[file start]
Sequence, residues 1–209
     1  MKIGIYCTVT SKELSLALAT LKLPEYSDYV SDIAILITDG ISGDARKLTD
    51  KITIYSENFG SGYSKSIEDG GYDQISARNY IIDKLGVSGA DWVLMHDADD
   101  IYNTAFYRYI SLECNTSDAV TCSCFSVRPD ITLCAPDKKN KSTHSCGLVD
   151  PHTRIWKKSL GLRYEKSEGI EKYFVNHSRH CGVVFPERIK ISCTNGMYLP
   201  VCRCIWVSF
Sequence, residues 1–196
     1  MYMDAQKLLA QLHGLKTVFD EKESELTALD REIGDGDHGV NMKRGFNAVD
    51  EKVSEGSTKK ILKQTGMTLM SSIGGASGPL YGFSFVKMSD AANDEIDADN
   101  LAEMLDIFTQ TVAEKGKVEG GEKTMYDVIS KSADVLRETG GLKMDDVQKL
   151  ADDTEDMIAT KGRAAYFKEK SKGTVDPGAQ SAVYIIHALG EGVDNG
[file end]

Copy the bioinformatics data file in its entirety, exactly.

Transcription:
Sequence, residues 1–209
     1  MKIGIYCTVT SKELSLALAT LKLPEYSDYV SDIAILITDG ISGDARKLTD
    51  KITIYSENFG SGYSKSIEDG GYDQISARNY IIDKLGVSGA DWVLMHDADD
   101  IYNTAFYRYI SLECNTSDAV TCSCFSVRPD ITLCAPDKKN KSTHSCGLVD
   151  PHTRIWKKSL GLRYEKSEGI EKYFVNHSRH CGVVFPERIK ISCTNGMYLP
   201  VCRCIWVSF
Sequence, residues 1–196
     1  MYMDAQKLLA QLHGLKTVFD EKESELTALD REIGDGDHGV NMKRGFNAVD
    51  EKVSEGSTKK ILKQTGMTLM SSIGGASGPL YGFSFVKMSD AANDEIDADN
   101  LAEMLDIFTQ TVAEKGKVEG GEKTMYDVIS KSADVLRETG GLKMDDVQKL
   151  ADDTEDMIAT KGRAAYFKEK SKGTVDPGAQ SAVYIIHALG EGVDNG